The government needs – as an emergency issue – to review the policy concerning mandatory withdrawals.

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The pensioners who might be overlooked

The Coalition government has never openly acknowledged, as the rest of the world has done, the effectiveness of the financial management of the ALP in the GFC, in their payments to business and lower income groups to sustain the economy.

The fact that the government has now implemented a similar package has, however, given unspoken recognition to those actions.

And they should be applauded for that.

There was one further step taken by the ALP which cannot be overlooked.

When we speak of pensioners, the picture conjured up varies from one individual to another.

As a migrant, my knowledge of Australian history is pretty shaky, but I believe it was Menzies, as Opposition Leader in a Chifley government who insisted that the stigma of welfare should not be attached to the Age Pension, as it was a payment which recognised the contributions to the national economy made by recipients during their working life.

Sadly, the low level of payment for those whose sole source of income is the Age Pension, indicates that their lifetime contributions are not valued adequately!

For many people, these are the group referred to when talking about pensioners.

But income and asset testing allows many other retirees to be entitled to a part-Age Pension.

These people include a group who have rolled over their superannuation into an Allocated Pension, or similar fund, and these people require immediate attention.

Their fund is invested in the market which is currently beyond volatile!

They are required to withdraw a minimum amount, based on their age, designed so that – in theory – the fund will be exhausted when they die.

Actuarial calculations of age expectation do not match individual situations, and when, as now – and as was the case during the GFC – the market nose-dives, withdrawing any funds, let alone the stipulated minimum is potentially disastrous.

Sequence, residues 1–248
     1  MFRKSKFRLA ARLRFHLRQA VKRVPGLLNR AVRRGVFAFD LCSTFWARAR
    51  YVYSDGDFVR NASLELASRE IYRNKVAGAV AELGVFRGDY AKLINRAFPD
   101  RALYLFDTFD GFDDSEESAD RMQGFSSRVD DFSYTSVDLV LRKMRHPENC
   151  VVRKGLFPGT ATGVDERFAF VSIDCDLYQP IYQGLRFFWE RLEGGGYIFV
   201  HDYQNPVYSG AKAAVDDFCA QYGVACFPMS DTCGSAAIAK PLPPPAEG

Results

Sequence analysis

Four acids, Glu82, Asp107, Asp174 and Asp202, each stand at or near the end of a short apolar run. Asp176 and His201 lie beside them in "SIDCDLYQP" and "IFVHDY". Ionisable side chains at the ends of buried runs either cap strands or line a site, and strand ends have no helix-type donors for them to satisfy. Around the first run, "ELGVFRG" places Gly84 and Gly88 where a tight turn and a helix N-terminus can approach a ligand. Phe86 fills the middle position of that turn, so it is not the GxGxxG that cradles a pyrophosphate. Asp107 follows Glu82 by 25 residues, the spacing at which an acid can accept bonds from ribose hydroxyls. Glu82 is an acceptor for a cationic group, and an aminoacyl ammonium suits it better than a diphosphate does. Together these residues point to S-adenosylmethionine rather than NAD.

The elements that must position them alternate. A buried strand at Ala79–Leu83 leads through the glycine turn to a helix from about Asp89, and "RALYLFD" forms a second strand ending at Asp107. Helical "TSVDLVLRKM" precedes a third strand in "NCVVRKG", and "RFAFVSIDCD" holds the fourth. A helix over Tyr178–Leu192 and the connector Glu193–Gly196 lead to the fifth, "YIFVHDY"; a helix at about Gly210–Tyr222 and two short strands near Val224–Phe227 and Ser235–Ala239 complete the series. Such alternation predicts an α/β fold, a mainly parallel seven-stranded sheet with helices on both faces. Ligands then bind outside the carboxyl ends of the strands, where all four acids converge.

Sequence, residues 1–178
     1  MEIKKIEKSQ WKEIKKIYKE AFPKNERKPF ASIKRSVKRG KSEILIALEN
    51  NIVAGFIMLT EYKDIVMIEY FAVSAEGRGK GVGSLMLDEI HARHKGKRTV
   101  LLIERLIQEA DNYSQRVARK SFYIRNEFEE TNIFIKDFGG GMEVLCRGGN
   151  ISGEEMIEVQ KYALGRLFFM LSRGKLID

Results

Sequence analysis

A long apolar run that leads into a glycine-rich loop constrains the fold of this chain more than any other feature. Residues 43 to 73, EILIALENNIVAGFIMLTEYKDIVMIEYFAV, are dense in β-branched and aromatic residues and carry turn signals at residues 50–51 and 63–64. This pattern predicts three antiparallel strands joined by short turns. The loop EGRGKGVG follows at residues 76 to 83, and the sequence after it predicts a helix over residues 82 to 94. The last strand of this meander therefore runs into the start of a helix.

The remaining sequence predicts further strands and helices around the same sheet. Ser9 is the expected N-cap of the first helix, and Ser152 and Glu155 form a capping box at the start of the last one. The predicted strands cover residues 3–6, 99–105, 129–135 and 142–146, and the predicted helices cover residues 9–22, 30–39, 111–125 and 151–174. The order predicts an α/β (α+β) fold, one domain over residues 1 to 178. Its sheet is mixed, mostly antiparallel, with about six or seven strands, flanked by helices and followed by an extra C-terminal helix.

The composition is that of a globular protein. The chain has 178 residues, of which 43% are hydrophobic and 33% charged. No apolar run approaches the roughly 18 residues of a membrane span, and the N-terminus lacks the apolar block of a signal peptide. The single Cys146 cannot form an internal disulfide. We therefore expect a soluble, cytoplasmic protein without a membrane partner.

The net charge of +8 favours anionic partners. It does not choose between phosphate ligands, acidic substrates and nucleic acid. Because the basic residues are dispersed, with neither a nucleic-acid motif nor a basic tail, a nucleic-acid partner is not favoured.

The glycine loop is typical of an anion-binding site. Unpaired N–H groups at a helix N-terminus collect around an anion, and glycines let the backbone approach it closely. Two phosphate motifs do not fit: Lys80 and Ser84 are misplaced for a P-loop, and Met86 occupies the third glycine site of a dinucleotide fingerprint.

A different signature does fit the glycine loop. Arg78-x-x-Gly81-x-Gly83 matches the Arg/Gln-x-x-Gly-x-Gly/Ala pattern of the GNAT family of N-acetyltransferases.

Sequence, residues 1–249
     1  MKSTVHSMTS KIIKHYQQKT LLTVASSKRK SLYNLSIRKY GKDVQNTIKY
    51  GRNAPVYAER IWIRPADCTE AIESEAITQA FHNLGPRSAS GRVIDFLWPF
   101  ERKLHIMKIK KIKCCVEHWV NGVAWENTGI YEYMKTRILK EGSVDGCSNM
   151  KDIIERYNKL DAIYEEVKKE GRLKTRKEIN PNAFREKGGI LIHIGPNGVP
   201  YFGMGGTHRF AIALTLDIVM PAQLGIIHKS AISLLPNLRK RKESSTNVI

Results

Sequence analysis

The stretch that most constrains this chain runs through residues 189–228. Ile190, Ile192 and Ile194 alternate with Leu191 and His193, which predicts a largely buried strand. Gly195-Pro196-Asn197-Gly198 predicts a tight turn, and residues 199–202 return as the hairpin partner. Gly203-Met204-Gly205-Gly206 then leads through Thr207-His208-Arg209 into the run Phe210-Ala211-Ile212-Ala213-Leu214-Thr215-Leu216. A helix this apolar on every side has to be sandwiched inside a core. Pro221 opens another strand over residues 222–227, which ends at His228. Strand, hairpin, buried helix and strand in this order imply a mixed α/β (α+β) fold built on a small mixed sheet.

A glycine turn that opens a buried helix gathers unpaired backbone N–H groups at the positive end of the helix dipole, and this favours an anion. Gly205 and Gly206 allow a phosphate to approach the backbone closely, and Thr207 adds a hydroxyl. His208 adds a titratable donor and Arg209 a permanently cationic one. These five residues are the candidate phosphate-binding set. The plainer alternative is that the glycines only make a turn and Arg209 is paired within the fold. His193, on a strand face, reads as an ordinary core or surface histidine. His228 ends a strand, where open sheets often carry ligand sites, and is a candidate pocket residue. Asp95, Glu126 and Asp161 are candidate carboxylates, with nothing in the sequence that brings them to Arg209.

The government needs – as an emergency issue – to review the policy concerning mandatory withdrawals.

Since many of these pensioners make regular withdrawals, maybe they should get financial advice as to whether they should reduce the regular amount or even leave any withdrawal to the end of the financial year.

Meanwhile, the government must hasten to re-think their situation, since, if these individual funds are exhausted prematurely, the government will have greater Age Pension costs further down the line.

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  1. Keitha Granville

    Yes, thank you. We have no options, we can’t take it out and put it back when , if, things improve.

  2. RosemaryJ36

    I transferred my balance out of shares into ‘cash’ or fixed interest in the fund and am monitoring the extent to which the loss of value is stabilising so that I can buy back in nearer the bottom of the market. Your fund manager can provide you with access to current values and you can set up a spreadsheet to keep watch.

  3. Stuart Dean

    RosemaryJ36, We did the same, but a little belatedly. I lost $12,000 and my wife lost about $15,000 before we converted to cash. And these are not big super amounts, either. I have had negative returns before, but not as big as this. And because of our current Government [ ? ] inaction and dithering, a whole lot of people are going to be hurt.

  4. RosemaryJ36

    During the GFC I just sat tight and, despite ‘losing’ $20 or $30 k, the fund recovered. So don’t call it a loss yet!